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  • Background to POTAS

    This should not be confused with Donald Trump, who is often referred to as POTUS or President of the United States.

    That said, questions have been asked about ‘The Donald’s’ tax affairs. However, bearing in mind his litigious nature, they are clearly scurrilous… or should that be ‘fake’?

    Of course, one is hardly allowed to forget POTUS on a daily basis. However, POTAS is perhaps one of the less well-known measures that HMRC has at its disposal for disrupting tax avoidance. Perhaps, because the DOTAS / APN tag team has been so effective, POTAS has, very un-Trump like, been left on the side-lines.

    However, it is still worth considering what POTAS is and does…

    What is POTAS?

    For the statutory minded, the POTAS rules can be found in Part 5 of Finance Act 2014

    At the time they were introduced, HMRC stated that the objective was to change the behaviour of a small and persistent minority of promoters of avoidance schemes who exhibit certain behaviours.

    The rules are very much to deter both the development and use of avoidance schemes. This was achieved by influencing the behaviour of promoters, their intermediaries and clients.

    The rules seek to achieve this in three ways:

    1. requiring ‘monitored promoters’ to disclose details of their products and clients to HMRC;
    2. setting out disclosure requirements whereby ‘monitored promoters’ must tell clients, potential clients and intermediaries that they are a ‘monitored promoter’; and
    3. ensuring that all clients and intermediaries are fully aware of the risks of engaging in avoidance schemes.

    The POTAS regime piggy backs on the Disclosure of Tax Avoidance Schemes “(DOTAS”) regime and shares many of the same definitions.

    POTAS regime involves a series of sanctions which escalate in their impact.  There are two key steps:

    1. a conduct notice: this may be issued by HMRC where a promoter meets a ‘threshold condition’ (see below). It will include various requirements; and
    2. a monitoring notice: issued by HMRC, where a promoter:
      1. breaches a requirement in a conduct notice; and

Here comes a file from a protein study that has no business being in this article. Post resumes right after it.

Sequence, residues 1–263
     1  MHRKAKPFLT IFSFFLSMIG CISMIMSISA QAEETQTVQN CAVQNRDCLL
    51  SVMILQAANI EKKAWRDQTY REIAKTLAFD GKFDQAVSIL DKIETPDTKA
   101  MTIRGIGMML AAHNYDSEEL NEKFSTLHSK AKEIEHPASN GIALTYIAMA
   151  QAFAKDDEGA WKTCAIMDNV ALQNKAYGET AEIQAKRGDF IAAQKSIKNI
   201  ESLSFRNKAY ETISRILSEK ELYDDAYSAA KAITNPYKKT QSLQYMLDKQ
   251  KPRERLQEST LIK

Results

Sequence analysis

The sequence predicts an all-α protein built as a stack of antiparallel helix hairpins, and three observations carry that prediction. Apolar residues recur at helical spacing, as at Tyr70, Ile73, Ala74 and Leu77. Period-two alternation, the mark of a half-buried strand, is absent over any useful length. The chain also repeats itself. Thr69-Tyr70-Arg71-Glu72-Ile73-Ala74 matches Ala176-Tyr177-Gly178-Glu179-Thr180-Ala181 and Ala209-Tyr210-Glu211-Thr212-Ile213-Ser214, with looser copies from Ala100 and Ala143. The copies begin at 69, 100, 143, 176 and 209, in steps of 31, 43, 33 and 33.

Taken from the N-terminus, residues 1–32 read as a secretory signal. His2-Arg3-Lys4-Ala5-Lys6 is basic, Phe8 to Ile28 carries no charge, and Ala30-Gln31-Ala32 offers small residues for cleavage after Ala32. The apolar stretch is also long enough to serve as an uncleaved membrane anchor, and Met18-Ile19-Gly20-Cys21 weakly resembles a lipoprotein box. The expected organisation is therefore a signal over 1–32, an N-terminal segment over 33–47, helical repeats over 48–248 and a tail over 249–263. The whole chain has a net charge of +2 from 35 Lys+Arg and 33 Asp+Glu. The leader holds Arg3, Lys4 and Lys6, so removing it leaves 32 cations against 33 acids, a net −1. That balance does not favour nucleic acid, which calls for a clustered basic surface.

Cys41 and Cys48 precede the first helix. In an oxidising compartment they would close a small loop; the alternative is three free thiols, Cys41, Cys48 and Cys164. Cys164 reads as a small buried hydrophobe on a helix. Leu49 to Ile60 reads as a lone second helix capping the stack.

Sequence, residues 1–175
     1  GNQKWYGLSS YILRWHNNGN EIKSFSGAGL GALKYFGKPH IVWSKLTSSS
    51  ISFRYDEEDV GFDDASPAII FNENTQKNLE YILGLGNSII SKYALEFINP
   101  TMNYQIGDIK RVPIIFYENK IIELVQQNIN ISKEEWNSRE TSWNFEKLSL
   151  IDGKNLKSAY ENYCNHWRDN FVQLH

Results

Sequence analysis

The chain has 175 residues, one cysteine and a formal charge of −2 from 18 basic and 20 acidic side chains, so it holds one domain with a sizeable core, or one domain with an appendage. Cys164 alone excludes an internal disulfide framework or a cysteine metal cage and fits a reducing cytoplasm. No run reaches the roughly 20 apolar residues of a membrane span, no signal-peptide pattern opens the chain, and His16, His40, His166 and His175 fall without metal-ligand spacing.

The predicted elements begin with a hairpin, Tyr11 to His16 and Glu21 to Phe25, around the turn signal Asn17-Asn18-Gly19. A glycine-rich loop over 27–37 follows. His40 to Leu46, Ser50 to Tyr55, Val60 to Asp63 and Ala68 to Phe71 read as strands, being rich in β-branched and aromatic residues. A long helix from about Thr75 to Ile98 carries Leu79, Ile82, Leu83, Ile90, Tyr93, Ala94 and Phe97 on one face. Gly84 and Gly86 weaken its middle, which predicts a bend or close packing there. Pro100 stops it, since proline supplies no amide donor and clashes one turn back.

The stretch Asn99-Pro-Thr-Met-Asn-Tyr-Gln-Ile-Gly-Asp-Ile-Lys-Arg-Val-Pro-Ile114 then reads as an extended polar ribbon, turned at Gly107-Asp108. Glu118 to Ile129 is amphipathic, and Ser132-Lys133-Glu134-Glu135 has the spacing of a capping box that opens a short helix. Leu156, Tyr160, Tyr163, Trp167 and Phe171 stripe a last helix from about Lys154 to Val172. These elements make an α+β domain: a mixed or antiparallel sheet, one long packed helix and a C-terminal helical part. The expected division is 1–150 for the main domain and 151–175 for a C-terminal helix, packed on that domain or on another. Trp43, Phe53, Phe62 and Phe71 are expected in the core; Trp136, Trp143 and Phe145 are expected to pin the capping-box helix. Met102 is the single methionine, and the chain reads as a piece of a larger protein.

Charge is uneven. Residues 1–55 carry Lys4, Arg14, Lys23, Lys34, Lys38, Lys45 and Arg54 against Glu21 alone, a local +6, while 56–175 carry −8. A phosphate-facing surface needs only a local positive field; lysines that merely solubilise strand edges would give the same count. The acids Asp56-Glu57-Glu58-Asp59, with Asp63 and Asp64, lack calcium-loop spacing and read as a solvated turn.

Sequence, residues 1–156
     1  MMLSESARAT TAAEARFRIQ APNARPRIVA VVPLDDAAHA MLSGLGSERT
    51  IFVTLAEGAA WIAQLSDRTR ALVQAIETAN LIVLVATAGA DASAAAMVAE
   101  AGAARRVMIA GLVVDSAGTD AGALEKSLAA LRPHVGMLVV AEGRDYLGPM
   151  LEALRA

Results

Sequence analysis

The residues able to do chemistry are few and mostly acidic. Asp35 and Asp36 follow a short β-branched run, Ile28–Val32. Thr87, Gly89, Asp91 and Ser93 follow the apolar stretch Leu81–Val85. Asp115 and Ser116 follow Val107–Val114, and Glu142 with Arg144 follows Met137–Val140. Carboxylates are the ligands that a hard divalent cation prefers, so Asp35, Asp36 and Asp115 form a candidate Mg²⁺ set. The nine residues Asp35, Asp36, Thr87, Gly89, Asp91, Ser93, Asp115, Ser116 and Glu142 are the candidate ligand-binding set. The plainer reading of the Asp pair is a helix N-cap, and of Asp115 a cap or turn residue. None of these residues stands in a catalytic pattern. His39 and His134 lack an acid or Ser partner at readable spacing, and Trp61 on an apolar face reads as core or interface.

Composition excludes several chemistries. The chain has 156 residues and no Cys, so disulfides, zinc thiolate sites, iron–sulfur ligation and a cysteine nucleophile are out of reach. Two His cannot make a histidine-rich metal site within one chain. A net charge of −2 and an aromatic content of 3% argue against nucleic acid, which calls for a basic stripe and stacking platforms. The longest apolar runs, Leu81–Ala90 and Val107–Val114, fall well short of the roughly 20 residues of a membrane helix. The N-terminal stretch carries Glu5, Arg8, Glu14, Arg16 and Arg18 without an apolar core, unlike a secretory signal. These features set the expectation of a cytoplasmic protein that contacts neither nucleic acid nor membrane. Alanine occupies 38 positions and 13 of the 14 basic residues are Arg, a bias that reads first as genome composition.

2. approval is obtained from the First-tier Tribunal

    POTAS Conduct notices


    Only an authorised officer of HMRC may take the decision to issue a conduct notice.  As one might glean from the name, such a notice will impose conditions about how a promoter must behave.

    As with an increasing amount of anti-avoidance measures, there is no right of appeal against a decision to give a promoter a conduct notice. A conduct notice has a life of up to two years.

    The threshold conditions are set out in Schedule 34 of Finance Act 2014and HMRC have published detailed guidance on those conditions at Appendix 1 of the POTAS Guidance.

    The threshold conditions 

    The threshold conditions are as follows:

    • Deliberate tax defaulters: A person meets this condition if HMRC publishes information about the person as a deliberate tax defaulter in accordance with Finance Act 2009, s94. There is guidance on deliberate tax defaulters at CH190000 onwards;
    • Breach of the Banking Code of Practice:Only a person carrying on business as a promoter is capable of meeting this condition. This condition is met if a promoter is named in a report published by HMRC as a person breaching the Code of Practice on Taxation for Banks by promoting arrangements that the promoter cannot reasonably have believed achieved a tax result intended by Parliament.
    • Dishonest tax agents:A person meets this condition if it has been given a conduct notice as a dishonest tax agent. There is guidance on dishonest tax agents at CH180000.  The condition is only met if there is no open appeal against the conduct notice, either because the time limit for an appeal has expired, or because an appeal has been made and the Tribunal has confirmed the conduct notice.
    • Non-compliance with DOTAS obligations:A person may meet this condition if it fails to comply with any of the obligations under DOTAS.
    • Criminal offences:A person meets this condition if it has been charged with a relevant criminal offence. The relevant offences include:
      • an offence at common law of cheating in relation to the public revenue
      • false accounting (section 17(1) Theft Act 1968 or section 17 Theft Act (Northern Ireland) 1969)
      • fraudulent evasion of income tax (section 106A Taxes Management Act 1970)
    • Opinion notice of GAAR Advisory Panel: Where the GAAR Advisory Panel considers that arrangements in relation to which the person is a promoter are not reasonable then this condition is satisfied.
    • Disciplinary action by a professional body:A person meets this condition if:
      • They carry on a trade or profession regulated by one of the specified professional bodies: and
      • are subject to certain disciplinary action.  The disciplinary action may be taken by the professional body itself or by an independent body.

    This condition is subject to a number of safeguards.  For instance, the relevant misconduct must relate to the provision of tax advice or tax related services. It cannot be the failure to pay your annual subs! The misconduct must also result in some form of sanction over and above a threshold.

    The professional bodies to which this condition relates are:

    1. the Institute of Chartered Accountants in England and Wales